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Test Anxiety is an Opportunity

By Ryan M. Tracy

girlSomething that is popping up in many of our interactions with parents in Tennessee is the idea that their student has test anxiety.  Whether parents like it or not, when they hear what it takes to go to college or even receive college scholarships, the reality is that part of how children are getting into great schools and receiving scholarships is often determined by test scores. 

But what is also a reality is that if we don’t recognize the anxiety that our students have and deal with on a regular basis in testing, we might be missing a great opportunity.   What I am afraid of that I often hear parents doing in our sessions, is making excuses for their children when it comes to testing and test anxiety.

While I am not saying tests are the end all be all to a child’s life, testing is where a parent can help a child tackle a challenging life experience (the test) and begin to see tests not as a hindrance, but as an opportunity to overcome.  The more a child sees testing as an opportunity and not a “drag,” the better a student excels at taking tests. 

I don’t know about you, but I feel good and gain confidence in myself after I have prepared a presentation or delivered information to a group of people, overcome any fears that I have and receive a positive evaluation back from it.  I remember the students and graduate students in my classes through school who always seemed to do really well on the tests we were given regularly, and their attitudes towards their testing was of confidence and they always rose to the occasion.  So to me, as long as I can remember, it wasn’t the test that was so intimidating in school as it was the “build up” to it and my own approach and attitude to how I would or would not conquer the “test” that was put before me either brought about confidence or anxiety.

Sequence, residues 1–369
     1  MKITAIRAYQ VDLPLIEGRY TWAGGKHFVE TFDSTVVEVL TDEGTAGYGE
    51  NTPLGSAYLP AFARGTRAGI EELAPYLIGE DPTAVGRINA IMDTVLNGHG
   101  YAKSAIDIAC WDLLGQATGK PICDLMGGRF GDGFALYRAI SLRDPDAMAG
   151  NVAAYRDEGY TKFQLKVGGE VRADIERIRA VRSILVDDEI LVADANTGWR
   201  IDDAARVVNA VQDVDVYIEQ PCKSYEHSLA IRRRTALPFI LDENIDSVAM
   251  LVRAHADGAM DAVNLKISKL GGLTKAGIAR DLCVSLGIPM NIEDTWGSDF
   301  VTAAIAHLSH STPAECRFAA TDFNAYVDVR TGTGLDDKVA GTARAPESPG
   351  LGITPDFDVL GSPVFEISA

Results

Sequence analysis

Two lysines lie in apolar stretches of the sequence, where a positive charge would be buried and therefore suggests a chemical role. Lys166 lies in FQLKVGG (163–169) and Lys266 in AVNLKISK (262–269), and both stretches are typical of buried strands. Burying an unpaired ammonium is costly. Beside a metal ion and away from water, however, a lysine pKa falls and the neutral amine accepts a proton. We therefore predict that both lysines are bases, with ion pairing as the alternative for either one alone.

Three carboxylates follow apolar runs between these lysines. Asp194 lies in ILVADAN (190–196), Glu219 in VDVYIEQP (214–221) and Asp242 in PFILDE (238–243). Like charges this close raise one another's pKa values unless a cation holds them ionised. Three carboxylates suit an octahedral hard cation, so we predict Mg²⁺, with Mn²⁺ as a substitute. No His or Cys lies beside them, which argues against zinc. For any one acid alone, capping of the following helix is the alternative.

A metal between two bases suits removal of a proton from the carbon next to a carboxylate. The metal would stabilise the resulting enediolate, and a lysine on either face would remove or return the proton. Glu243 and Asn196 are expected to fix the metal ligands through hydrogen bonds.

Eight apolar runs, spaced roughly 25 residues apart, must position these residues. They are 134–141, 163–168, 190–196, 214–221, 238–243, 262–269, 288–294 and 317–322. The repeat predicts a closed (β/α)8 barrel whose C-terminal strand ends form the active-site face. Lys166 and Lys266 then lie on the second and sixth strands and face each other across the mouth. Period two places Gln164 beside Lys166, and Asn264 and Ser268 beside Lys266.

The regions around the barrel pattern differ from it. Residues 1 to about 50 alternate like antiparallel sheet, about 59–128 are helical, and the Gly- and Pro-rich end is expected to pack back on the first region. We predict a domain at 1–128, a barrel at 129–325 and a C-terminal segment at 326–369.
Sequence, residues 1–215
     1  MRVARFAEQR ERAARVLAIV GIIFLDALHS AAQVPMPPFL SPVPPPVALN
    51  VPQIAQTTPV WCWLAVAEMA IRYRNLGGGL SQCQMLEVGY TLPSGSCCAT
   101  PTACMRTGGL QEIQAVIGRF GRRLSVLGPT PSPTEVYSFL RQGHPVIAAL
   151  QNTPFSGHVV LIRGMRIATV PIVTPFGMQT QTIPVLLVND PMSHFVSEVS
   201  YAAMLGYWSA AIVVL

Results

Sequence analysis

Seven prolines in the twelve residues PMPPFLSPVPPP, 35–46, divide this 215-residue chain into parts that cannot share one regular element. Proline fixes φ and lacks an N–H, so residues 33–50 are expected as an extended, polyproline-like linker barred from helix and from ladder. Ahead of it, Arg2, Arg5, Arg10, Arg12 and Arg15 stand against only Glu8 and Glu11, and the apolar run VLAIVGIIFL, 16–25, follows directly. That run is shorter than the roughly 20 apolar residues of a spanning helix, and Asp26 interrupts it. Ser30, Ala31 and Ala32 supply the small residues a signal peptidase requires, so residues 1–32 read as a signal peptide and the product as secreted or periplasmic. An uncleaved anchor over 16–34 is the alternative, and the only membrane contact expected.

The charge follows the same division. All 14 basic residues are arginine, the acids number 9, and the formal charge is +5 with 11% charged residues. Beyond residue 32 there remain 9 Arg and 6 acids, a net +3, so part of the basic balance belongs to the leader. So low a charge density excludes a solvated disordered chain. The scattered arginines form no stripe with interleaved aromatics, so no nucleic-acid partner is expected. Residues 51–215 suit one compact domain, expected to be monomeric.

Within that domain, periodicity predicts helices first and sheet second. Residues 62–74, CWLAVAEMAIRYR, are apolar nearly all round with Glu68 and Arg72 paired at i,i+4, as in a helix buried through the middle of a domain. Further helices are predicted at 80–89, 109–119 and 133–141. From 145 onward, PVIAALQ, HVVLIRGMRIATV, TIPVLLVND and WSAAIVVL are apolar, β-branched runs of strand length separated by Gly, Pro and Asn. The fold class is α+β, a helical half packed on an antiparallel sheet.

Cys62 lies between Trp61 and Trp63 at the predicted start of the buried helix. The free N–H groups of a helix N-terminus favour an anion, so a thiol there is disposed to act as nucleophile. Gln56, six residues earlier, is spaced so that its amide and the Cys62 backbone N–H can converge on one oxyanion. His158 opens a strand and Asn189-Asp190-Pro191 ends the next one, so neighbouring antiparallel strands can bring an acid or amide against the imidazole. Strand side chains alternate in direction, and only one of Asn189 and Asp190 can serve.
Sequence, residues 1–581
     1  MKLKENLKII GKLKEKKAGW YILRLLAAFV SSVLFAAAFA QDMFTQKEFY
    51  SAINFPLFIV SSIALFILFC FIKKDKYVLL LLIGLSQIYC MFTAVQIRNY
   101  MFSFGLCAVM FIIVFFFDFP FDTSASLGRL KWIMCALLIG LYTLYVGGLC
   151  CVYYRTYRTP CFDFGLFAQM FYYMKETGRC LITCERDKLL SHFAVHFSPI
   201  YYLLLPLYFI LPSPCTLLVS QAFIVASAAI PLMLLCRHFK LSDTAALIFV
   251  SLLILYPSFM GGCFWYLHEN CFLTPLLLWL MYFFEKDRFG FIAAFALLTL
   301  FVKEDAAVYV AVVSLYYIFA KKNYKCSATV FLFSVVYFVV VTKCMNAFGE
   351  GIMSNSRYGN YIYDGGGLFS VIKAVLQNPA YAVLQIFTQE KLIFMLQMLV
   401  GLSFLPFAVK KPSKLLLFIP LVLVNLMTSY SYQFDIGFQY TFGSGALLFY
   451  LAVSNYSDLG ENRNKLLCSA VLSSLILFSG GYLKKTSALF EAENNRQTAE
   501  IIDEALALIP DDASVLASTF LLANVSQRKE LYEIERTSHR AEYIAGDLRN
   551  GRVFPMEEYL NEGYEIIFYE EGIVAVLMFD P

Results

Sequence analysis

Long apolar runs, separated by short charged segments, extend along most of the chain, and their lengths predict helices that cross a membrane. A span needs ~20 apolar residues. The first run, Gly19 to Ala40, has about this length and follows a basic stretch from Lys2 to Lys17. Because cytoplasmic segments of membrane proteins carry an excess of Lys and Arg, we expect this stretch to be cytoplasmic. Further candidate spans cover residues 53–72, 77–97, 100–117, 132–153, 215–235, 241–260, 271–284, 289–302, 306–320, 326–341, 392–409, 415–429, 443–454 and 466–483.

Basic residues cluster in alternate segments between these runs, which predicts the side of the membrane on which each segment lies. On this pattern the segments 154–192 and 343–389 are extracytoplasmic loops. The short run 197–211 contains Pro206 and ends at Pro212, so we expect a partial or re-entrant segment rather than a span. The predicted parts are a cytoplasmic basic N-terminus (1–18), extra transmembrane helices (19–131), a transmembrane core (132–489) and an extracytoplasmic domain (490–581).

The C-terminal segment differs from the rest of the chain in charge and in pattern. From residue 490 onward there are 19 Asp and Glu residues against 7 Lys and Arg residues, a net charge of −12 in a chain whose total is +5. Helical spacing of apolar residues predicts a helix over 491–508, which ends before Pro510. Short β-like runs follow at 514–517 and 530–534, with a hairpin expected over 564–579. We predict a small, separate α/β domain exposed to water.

Realistically, many of us have anxieties about a lot of things.  And while many folks might not, like me, connect tests to life, if our children are having anxiety about test taking, how can we help them overcome that anxiety and learn valuable lessons that when their life is tough or when they are required to meet expectations in the future, they can face them with tools that lead to success and confidence. 

You see, anxiety is the fear that something bad might happen and as I have learned it is rarely the fear of something that is life-thretening. Anxiety is usually the fear of the unknown; in other words, anxiety is fear provoked by one's own mind.  So what we have to help children realize is that if they can see the test not as something that is dangerous, but as something they can face head on, what other challenges will this translate to in their lives? 

I’m not saying test taking is the only way we can help teach children how to overcome their fears, but it really is good way, I think.  While I wholeheartedly believe that students must be prepared and have studied hard to reach their fullest potential on a test, I also realize and suffer from anxiety about a lot of things in my own life and recognize there are techniques that children can learn to overcoming test anxieties:  The American School Counselor Association suggests these 6 things parents can discuss with their students when it comes to test anxiety: